Everybody knows they should wear a seatbelt. Some people don’t, but they probably feel like they’re going against other peoples’ expectations in those moments, on top of their awareness of disobeying the law.

That wasn’t always the case. In the 1960s and 70s, resistance to the life-saving devices was the norm. Reasons ranged from discomfort and the overall hassle of it to deep belief in personal choice. It took time, but the eventual passage of seat belt laws was both a cause and evidence of a major reversal of public sentiment. There came to be widespread agreement that car companies should be obligated to provide effective seatbelt technology, and a feeling that not using them is taking an unnecessary risk.

It’s not a perfect analogy, but in construction, building codes are like seatbelts. Both aim to make it likely that occupants will walk away with no more than minor injuries, but the car (or the building) might be unusable for weeks, expensive to fix, or a total loss. For cars, that trade-off is well understood and considered reasonable, but what about for the buildings on which our livelihoods and quality of life depend? Unlike with seatbelts, most people do not understand the level of performance they can expect from a code-compliant building. Also, from the COVID pandemic, we’ve got a whole new perspective on which buildings are “essential.”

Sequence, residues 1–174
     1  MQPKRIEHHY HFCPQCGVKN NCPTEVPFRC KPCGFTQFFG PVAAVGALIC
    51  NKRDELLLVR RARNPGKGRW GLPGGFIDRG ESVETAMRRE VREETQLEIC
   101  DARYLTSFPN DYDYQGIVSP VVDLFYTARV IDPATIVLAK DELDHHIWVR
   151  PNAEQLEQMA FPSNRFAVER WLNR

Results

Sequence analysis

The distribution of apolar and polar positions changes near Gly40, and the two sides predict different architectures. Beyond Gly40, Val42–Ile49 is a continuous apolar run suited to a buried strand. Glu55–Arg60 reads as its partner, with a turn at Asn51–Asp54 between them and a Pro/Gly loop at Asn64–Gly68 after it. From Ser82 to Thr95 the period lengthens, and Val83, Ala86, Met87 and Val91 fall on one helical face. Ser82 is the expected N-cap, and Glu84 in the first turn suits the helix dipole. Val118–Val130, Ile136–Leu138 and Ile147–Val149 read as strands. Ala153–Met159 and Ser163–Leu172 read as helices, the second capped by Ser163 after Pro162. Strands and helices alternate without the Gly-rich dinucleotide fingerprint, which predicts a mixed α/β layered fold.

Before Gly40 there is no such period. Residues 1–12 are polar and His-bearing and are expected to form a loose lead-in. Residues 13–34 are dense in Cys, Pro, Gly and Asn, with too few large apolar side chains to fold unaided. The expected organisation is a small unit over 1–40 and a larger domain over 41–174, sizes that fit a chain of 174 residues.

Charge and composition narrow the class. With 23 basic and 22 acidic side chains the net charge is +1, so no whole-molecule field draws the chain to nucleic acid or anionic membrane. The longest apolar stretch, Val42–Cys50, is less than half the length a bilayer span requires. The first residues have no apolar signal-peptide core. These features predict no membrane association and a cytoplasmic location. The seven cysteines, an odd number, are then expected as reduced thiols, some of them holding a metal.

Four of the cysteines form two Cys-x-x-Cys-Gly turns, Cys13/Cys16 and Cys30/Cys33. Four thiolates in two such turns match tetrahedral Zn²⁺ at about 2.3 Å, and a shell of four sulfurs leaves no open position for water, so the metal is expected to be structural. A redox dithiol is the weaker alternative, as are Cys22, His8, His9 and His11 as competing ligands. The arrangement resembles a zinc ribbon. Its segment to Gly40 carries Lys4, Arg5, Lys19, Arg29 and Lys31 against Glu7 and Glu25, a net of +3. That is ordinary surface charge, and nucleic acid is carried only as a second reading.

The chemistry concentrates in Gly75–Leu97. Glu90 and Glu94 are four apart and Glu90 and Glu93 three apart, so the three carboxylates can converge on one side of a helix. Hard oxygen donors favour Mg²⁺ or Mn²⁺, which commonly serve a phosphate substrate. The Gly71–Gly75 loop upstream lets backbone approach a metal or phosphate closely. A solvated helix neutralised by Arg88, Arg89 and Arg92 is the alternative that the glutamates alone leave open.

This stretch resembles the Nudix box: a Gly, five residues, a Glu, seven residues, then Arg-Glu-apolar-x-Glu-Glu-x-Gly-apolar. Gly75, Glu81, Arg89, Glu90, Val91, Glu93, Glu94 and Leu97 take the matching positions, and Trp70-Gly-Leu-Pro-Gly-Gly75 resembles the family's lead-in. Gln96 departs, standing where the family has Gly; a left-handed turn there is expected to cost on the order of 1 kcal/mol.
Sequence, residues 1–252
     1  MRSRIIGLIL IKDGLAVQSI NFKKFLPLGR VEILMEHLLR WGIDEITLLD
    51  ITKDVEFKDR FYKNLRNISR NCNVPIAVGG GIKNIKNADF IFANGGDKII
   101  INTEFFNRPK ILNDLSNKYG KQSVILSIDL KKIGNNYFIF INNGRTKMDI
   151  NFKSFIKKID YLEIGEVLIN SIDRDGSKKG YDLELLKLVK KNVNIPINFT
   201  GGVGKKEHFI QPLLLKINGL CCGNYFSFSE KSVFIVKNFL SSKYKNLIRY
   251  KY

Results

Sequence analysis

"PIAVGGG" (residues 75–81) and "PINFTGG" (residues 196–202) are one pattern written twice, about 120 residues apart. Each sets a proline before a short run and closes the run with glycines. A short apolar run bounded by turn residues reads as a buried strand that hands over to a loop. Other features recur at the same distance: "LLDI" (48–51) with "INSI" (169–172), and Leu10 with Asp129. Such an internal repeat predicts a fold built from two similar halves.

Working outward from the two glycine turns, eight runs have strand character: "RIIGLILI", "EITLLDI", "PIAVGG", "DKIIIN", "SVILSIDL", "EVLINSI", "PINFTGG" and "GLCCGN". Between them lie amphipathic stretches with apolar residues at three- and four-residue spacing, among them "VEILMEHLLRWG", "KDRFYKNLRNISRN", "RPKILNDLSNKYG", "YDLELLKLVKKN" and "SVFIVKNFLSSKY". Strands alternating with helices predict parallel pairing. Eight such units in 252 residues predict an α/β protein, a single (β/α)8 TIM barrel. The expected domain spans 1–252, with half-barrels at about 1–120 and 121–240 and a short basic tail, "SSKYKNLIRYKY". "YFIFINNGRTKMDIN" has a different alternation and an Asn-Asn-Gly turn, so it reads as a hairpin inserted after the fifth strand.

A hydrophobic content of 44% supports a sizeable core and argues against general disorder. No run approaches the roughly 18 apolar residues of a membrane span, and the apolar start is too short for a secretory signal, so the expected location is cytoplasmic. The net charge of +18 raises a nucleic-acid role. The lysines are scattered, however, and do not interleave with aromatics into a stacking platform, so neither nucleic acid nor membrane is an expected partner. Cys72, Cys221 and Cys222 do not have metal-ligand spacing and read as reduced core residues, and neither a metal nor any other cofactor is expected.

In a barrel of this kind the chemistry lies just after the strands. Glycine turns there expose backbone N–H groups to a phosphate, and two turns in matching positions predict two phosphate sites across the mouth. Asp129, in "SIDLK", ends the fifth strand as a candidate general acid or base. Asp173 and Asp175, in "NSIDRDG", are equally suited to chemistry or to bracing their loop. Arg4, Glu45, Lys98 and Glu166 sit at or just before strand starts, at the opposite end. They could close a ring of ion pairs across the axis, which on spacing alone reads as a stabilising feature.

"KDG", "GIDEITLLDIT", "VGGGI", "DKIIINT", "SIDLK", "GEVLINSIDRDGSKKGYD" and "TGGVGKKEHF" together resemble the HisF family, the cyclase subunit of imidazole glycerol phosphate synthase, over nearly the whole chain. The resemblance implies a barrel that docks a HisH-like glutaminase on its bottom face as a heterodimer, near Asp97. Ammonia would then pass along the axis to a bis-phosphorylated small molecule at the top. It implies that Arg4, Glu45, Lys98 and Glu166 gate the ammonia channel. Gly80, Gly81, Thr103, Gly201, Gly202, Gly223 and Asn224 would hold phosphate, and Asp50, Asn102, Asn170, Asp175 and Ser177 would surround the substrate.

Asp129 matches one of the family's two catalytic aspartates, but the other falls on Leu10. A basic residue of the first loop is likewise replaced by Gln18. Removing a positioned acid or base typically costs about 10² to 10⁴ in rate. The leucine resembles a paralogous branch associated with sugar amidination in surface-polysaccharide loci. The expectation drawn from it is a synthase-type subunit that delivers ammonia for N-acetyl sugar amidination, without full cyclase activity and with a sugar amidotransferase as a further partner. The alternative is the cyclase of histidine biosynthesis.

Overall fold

Resilience advocates can learn from the trajectory and factors that gradually flipped peoples’ attitudes about seat belts. Evidence of cost-effectiveness and even laws were not enough to ensure their use. Findings from decades of human behavior research drive home the point: cognitive understanding of risk facts is not the main reason people take precautionary action. Emotions, convention, habit, and reliance on what peers are doing tend to dominate behavior when uncertainty about odds and outcomes are high, especially when there are small chances of big losses or lengthy time horizons involved. Human beings are simply hard wired towards overconfidence, short-sightedness, and following the pack, even when their instincts and pack routines have little to no grounding in real experience or evidence.

Insights from successful public health campaigns of the past can help resilient design advocates and professionals better sell why it’s worth it.

Changing minds and behavior often comes down to a deceptively simple formula: increase perception of the benefits of taking action and decrease perception of its costs. But we must keep in mind that benefits and costs can also be psychological and social, often implicit and subconscious. Aligning our marketing strategies and public education efforts with this reality gives us a powerful edge in our pitch. Although it’s not a perfect word, we should strive to make investing in resilience fashionable as well as feasible. In forthcoming blog posts, I’ll share some of my best advice that can help you do just that with clients, colleagues, and constituents.